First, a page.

Thursday, October 19, 2017

Lake Saif ul Muluk – a Heavenly Lake on Earth

Lake Saif ul Muluk is one of the dream tourist resorts of Pakistan. Located in the Khyber Pakhtunkwa province at the northern end of picturesque Kaghan Valley at a height of 10.578 feet in the foothills of famous Malka Parbat (the Queen Mountain), the spectacular lake with its deep blue waters is a sight one comes across once in one’s lifetime. The reflection of Malka Parbat into its still blue waters add awe to the spectacular landscape.

Recently I came across a video on Saif ul Muluk that triggered memories of more than two decades when I visited the lake for the first time – and perhaps the only time of my life. While the video took me back into my memory lane, I was amazed find that the dirt track leading to the lake from the Naran town is still the same and to approach the lake one has to hire sturdy and robust Jeeps to reach the lake. One wonders why after so many years the dirt track has not been paved. But then one wonders if the dirt track is metaled, what the locals would do as it would rob them of the only livelihood available to them for carrying tourists up and down. So while visitors and tourist, both local and foreign, throng the Naran town in summers, the hotel and Jeep business flourishes – perhaps the only means to earn bread and butter of Naran town.

I visited Naran and the lake back in 1996 with a group of friends and family. Although it was July, the lake was still half frozen which is fed by the Kunhar River. The lake with a surface area of 2.75 square kilometers and with a maximum depth of 15 meters or 50 feet is famous for its brown trout with an average weight of seven kilograms. 

We lodged in an army run rest house ahead of Naran town and due to a glacier intervening the guest house, we had to park our vehicles well away and short of the glacier and walk on slippery glacial snow to reach the guest house – and this became our daily routine to pass over the glacier to go to Naran town and the lake.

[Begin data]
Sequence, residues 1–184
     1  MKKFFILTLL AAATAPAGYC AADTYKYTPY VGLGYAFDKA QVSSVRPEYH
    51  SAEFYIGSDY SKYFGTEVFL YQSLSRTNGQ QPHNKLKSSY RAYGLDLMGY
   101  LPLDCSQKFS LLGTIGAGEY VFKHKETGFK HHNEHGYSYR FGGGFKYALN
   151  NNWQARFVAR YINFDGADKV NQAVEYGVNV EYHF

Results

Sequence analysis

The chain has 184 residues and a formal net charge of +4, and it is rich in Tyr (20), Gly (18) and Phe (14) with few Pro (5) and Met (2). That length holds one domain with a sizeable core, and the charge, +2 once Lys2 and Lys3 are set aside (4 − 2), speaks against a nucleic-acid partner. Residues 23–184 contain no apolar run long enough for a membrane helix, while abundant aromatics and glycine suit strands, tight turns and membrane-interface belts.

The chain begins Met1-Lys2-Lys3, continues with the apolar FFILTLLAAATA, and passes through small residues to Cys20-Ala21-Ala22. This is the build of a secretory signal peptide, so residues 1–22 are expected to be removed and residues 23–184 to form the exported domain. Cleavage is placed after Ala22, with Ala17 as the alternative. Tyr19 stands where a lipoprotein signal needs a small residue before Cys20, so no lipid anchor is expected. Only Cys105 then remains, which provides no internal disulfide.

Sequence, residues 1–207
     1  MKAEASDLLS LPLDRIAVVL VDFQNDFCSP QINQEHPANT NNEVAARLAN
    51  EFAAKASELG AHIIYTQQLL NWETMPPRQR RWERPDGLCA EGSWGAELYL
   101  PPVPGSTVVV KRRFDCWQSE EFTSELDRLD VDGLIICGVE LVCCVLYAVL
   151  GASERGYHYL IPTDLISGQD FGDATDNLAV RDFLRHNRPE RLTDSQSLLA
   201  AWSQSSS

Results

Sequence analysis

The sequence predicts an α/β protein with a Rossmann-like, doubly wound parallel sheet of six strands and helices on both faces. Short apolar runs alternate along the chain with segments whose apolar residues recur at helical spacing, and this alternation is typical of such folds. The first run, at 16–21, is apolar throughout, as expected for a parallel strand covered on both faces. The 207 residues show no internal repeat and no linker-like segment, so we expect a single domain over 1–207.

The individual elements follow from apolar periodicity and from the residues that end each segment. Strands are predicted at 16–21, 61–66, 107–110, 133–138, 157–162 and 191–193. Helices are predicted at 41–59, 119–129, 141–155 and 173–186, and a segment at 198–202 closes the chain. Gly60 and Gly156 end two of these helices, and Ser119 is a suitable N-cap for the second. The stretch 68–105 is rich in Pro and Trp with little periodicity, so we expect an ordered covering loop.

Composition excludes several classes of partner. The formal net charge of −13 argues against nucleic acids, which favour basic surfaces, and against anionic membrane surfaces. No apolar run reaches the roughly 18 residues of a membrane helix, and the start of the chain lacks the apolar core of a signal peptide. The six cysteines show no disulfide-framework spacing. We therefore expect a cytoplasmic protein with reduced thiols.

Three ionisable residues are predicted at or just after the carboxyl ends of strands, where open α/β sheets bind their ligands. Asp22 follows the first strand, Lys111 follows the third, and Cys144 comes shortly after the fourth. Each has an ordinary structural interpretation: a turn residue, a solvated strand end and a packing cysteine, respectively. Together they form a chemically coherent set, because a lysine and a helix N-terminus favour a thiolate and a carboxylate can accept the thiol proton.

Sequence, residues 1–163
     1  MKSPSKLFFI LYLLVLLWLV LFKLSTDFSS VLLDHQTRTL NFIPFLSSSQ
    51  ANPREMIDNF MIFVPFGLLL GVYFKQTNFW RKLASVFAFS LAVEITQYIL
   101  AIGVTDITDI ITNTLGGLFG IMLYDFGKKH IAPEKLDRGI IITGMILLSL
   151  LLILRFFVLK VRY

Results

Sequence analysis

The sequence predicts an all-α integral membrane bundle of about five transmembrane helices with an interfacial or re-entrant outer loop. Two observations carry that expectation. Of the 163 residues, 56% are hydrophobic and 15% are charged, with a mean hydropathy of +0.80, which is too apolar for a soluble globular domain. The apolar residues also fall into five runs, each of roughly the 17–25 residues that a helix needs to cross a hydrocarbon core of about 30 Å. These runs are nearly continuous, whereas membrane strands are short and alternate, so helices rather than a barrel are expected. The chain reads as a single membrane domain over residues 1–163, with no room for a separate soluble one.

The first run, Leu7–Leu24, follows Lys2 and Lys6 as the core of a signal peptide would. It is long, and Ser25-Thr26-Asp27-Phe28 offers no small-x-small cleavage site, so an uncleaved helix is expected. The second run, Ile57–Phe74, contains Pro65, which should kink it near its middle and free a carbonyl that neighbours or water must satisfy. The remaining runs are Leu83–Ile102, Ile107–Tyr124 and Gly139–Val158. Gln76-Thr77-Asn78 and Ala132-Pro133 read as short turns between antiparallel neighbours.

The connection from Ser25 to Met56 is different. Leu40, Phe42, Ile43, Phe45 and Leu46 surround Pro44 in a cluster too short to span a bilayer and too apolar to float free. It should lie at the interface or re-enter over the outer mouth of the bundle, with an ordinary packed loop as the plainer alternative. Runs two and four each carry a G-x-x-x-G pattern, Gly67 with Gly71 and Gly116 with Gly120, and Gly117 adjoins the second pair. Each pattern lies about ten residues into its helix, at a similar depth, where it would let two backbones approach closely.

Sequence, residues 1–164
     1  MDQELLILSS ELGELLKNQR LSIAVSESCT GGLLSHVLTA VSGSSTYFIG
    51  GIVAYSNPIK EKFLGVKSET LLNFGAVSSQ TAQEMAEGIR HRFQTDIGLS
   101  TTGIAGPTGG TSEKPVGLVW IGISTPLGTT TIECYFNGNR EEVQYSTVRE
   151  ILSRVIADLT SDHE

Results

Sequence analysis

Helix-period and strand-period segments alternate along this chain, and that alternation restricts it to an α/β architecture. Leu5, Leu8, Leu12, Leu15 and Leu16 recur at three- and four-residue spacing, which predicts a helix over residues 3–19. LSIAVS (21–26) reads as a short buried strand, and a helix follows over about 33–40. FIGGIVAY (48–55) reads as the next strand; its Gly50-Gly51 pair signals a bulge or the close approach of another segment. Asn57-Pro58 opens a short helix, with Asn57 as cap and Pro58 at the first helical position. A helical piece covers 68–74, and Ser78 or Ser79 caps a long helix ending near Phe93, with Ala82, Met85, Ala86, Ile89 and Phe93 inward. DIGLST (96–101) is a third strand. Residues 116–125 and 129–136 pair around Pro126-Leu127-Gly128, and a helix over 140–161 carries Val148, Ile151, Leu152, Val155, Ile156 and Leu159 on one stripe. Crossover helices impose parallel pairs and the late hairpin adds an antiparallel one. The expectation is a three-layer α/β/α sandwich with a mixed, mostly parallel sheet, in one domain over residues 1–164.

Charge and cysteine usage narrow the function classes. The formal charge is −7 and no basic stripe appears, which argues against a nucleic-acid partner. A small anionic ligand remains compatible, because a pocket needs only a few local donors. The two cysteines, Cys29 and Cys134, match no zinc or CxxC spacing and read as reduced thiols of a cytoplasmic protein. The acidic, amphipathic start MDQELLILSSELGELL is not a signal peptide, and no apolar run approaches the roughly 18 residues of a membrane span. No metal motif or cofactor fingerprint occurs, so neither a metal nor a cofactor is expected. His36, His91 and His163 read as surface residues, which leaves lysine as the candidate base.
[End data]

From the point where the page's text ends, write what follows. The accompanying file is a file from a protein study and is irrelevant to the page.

Unlike hiring normal tourists who hire jeeps, we added a tinge of adventure by hiring horses from the base to the lake. Adding yet more adventure, I along with two other relatives decided to go up through a narrow track made in between a fallen glacier. While others reached safely, I had a fall and slipped down the frozen snow and had a free fall towards the gushing stream of water from the lake. And at that time I almost felt as if my time on earth was over as I could not find anything to hold on. But then Nature wanted me to live to narrate this incident and just feet away from the icy blue stream of water, a stone came in between I and the stream, stopping from sliding further.

Now I could not move as any move would have been fatal. Seeing my plight, a local lad, expert on such glaciers came down making holes in the ice and then rescued me and we both slowly moved up and back to track. The thought of the incident still shudders my body and I thank God for saving me from drowning and sending me an angel for my rescue. Thereafter we still followed the same track and suddenly there it was the almost frozen Lake Saif ul Muluk - a sight of lifetime for me.
Much relaxed I posing with my wife after the close to a deathly fall

That day was one of the days when the lake was almost frozen with its blue waters barely visible from under the frozen snow. We spent almost the entire day at the lake though a freezing cold wind was passing through our bodies. We had lunch and came back by evening fall. This time I did not opt for the track between the glacier and came down safely.
My family - less me (the photographer is generally missed out)

The lake remains frozen in winters and the best time to visit the lake is from June to early October. But sometimes the lake remains frozen in case the weather turn colder. When the snow has completely melted away, the lake looks like a heavenly place on earth. The snow clad Malika Parbat and its sister tops add more to the beauty of the lake. It looks as if these  snow clad mountain tops are fairies guarding the blue waters of the lake.

While people do boat in the lake, the real adventure is camping by the lake side, specially if it is a full moon and fantasying the tales of fairies and that of the famous Saif ul Muluk, a poetic work written by famous poet Muhammad Bakhsh, who in his own words has described the folklore of an Egyptian prince Saif ul Muluk who fell in love with a fairy princess Badi ual Jamal.

Now watch the video about Lake Saif ul Muluk which shows the rugged stony track leading from Naran to the lake which only sturdy Jeeps could endure.
Recently, the gush of tourists to Naran and Lake Saif ul Muluk has increased manifold. This while is a good healthy sigh of flourishing tourism industry, beneficial for the locals as well, it has added crowd, litter and garbage to the lake side. While the local administrations earns from tourists, it should also make sure that there are adequate arrangements for garbage disposal and cleanliness of area to preserve the natural beauty of the place and to ensure a healthy environment - lest the fairies run away....

Photo at the top: My sons Wahaab Jalal (left) and Waqaace Jalal (right) posing by the lake - 1996
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